For those in the UK they can register through a provider with a list at the EPICT UK website . Being in international education I am using a newly formed organisation ‘your WITS’, run by an experienced and very qualified ICT teacher, Peter Napthine from his base in Brazil. YourWITS has set up fifteen EPICT modules using a moodle based system, from which registered users can access all the materials needed for the course, as well as forums for each module (and general forums).
What I think is great, and often is forgotten when using any online course, is the response time, and appropriateness of the response. Whilst it is great to be able to access materials over the internet whenever one wishes, the real value of such a course is when the tutor/facilitator (and other course members if appropriate) gives prompt and useful advice and/or positive criticism. This is certainly the case with yourWITS, and makes taking the courses feel that one is both learning/re-learning, as well enjoying the experience of it.
To highlight what is on offer here is a list of the modules available through yourWITS:
- Locating and Incorporating On-line Resources
- Electronic Communication & Collaboration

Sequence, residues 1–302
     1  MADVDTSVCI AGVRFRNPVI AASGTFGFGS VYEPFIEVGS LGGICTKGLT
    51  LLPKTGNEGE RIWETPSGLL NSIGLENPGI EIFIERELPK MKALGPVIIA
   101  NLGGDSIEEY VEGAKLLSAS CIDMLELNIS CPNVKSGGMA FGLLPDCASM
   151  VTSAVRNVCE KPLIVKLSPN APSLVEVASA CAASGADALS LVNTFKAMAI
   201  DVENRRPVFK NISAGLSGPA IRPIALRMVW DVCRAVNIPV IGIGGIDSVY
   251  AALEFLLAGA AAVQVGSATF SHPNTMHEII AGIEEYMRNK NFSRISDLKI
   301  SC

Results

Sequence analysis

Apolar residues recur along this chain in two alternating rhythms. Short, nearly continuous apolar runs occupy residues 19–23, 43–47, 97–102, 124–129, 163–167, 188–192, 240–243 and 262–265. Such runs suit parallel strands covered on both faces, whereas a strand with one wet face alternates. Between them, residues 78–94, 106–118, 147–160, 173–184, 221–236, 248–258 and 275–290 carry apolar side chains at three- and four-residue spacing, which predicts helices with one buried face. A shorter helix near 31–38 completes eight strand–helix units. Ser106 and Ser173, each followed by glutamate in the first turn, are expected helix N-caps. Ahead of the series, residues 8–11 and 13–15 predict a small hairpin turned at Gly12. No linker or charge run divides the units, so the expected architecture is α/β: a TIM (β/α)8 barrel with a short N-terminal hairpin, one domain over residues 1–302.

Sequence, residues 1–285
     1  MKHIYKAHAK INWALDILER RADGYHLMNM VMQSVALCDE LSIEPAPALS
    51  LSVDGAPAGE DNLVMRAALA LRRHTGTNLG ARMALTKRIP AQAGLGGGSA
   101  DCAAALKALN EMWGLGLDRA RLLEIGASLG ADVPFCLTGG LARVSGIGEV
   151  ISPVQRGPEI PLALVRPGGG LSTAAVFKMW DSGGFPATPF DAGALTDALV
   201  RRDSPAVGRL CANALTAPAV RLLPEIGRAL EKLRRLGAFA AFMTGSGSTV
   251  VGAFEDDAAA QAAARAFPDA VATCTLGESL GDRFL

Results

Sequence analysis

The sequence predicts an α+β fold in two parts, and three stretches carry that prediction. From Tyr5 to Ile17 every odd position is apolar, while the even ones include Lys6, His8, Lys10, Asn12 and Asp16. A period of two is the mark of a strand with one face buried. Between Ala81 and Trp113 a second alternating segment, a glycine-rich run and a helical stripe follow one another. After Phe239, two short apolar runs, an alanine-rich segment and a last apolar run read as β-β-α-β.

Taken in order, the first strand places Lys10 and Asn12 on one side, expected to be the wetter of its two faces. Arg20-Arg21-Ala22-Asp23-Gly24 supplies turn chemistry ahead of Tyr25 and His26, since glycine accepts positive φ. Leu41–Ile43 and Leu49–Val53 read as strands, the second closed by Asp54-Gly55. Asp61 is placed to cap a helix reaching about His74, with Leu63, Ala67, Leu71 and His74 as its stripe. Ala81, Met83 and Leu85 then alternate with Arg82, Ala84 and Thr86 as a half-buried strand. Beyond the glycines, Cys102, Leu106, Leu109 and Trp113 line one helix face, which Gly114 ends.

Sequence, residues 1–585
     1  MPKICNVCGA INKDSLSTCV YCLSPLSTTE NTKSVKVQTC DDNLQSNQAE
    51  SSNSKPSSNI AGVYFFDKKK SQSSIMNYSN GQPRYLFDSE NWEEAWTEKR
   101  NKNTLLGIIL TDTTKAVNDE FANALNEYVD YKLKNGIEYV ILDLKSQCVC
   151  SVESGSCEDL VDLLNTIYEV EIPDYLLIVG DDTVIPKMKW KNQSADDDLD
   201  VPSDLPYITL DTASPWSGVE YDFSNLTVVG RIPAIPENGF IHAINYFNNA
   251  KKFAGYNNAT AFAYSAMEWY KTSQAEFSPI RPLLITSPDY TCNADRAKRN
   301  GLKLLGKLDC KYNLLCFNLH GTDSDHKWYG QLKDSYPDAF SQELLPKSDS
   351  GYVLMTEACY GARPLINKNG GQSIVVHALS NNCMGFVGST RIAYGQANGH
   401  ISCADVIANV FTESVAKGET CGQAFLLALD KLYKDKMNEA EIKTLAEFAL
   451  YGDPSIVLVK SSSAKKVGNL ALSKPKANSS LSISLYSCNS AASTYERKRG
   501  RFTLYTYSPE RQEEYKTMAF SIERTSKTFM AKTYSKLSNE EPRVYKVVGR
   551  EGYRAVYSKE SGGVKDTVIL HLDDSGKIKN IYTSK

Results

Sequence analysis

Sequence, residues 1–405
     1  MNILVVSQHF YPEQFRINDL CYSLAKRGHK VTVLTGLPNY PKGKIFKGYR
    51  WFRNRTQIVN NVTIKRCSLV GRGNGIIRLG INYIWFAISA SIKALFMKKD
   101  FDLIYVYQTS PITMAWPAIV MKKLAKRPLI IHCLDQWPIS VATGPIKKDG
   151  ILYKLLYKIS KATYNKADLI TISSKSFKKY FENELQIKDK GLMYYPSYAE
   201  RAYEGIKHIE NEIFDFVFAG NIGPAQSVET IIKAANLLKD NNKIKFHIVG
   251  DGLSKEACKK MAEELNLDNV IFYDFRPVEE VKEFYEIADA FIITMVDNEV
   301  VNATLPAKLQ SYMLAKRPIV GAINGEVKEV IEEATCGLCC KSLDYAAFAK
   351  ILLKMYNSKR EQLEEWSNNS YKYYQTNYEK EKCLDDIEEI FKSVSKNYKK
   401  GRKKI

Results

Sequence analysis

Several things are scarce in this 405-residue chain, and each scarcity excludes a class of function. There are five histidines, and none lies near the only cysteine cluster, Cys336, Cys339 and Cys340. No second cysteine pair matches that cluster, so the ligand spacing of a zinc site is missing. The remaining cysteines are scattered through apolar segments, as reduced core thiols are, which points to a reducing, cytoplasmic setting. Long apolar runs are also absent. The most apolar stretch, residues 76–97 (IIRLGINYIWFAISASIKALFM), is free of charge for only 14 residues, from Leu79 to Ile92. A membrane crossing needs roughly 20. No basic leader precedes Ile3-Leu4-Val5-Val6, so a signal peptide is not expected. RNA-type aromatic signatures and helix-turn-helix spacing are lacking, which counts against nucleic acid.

- Creating and Using Interactive Resources
- ICT and Special Needs; Effective Use of VLEs
- E-Assessment; Presentation Technology, IWBs and Interactivity
- Literacy and ICT; Numeracy and ICT; ICT and Creativity
- Publishing on the Web; Digital Images
- Spreadsheet Models
- Games and Edutainment; and ICT and Strategic Innovation.
The first three, and last are compulsory for the Gold Award, with the remaining optional. In order to attain the Bronze award one has to complete 3 modules (including at least one compulsory module), the Silver award if after completing 6 modules (with at least 2 compulsory) and the full EPICT licence (Gold Award) is achieved after successfully completing 8 modules (4 compulsory and 4 optional).
As an ICT teacher I have started this course in order to both directly facilitate non-ICT teachers with their use of ICT, and act as support for them should they wish to further develop their ICT skills.. Whilst this is still the overall aim, I have been pleasantly surprised at how it has made me think about the pedagogical aspects of my lessons, which I may have taken my knowledge for granted for too long. If you have the opportunity then studying for the EPICT is I feel a worthwhile investment of one’s time and money.
http://www.epict.co.uk – EPICT in the UK
http://www.yourwits.com – EPICT for the British International Schools market
Neil Howie is Deputy Principal at the British International School, Belgrade, Serbia. He has been teaching ICT for over ten years in the UK, Nigeria, Serbia and Austria. He is an Adobe Education Leader, Microsoft Master Instructor, and Member of the Institute of IT Training. His latest blog is at http://nhowie.co.uk; he can be contacted via greenmars (at) g (dot) ho (dot) st.
This article originally appeared in Computers in Classrooms, the free ezine.